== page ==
As international crude prices hit a high of US$147 by mid this year, petrol prices surpassed Kshs105 (US$1.4) a litre. Now, international crude prices have settled at below $100 a barrel but fuel prices locally have reduced marginally. Most stations are retailing petrol at about Kshs99 ($1.32) per litre.

Multinational oil companies say they are being condemned unheard. Intense competition in the sector has reduced profit margins to just a few cents for every litre of fuel. “Kenyans think that oil companies are making huge margins, which is not true,” explains the University of Nairobi lecturer.

Oil companies say they are yet to clear old stocks bought when international crude prices were still high. Besides, the weakening of the Kenya shilling is cancelling out any savings made from reductions in international oil prices. In the past month alone, the Kenyan currency has suffered 15% devaluation against the dollar.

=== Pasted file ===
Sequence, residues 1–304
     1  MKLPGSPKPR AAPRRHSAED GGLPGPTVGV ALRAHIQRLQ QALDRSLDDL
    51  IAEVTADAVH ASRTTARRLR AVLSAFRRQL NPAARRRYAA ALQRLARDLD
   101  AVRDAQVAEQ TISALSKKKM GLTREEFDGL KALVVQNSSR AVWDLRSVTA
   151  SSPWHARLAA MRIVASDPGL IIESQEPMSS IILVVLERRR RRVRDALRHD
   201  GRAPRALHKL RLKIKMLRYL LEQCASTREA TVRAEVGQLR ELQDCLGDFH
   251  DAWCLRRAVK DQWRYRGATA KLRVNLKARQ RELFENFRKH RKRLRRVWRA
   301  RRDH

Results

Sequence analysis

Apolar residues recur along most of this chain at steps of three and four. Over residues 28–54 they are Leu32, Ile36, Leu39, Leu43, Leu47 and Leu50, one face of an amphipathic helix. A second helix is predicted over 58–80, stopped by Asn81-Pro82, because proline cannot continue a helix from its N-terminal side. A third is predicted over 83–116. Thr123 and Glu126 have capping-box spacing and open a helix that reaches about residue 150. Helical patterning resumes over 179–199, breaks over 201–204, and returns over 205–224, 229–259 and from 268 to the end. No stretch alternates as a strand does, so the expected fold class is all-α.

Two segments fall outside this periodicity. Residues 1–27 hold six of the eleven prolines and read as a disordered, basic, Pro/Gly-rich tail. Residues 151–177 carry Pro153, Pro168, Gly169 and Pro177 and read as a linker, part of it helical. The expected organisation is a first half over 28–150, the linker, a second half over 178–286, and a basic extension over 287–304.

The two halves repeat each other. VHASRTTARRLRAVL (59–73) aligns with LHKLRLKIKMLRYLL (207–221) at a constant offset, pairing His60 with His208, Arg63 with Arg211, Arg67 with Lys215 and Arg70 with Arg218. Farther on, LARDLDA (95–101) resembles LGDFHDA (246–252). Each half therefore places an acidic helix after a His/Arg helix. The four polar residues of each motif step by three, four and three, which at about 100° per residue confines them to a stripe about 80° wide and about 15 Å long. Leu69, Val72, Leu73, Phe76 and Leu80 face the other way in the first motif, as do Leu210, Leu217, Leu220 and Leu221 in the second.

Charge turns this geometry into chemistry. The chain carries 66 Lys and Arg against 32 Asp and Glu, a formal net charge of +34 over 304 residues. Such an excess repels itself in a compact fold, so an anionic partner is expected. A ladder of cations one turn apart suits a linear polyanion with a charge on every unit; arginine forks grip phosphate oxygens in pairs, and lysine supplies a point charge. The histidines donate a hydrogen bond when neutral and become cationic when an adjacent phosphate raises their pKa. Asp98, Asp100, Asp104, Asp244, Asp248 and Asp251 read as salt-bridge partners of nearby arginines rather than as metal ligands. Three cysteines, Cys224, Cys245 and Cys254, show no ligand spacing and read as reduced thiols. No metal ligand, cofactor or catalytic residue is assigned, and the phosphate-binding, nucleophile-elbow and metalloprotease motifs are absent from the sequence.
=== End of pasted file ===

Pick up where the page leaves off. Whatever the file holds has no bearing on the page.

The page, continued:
Harsh taxation measures imposed by the Kenya Revenue Authority (KRA) to curb oil smuggling have placed a heavy toll on prices. KRA demands payment of oil taxes before the product is released for sale, a measure that forces oil companies to borrow amidst a worldwide credit crunch.

Meanwhile, taxes take up almost half the retail price of fuel in Kenya. The state has been urged to cut down expenditure in order to ease the burden on the Kenyan consumer. However, with a giant cabinet of 42, there are no prospects of tax cuts any time soon.

High fuel prices have had a domino effect on electricity tariffs, which have risen over 100% since June 2008. Manufacturers have threatened to relocate their plants lamenting that Kenya’s energy costs are among the highest in the world in spite of erratic power supplies. Businesses must operate fuel-powered standby generators which further drives up the energy bill. Already, hundreds if not thousands of jobs have been lost as industries cut production to a bare minimum.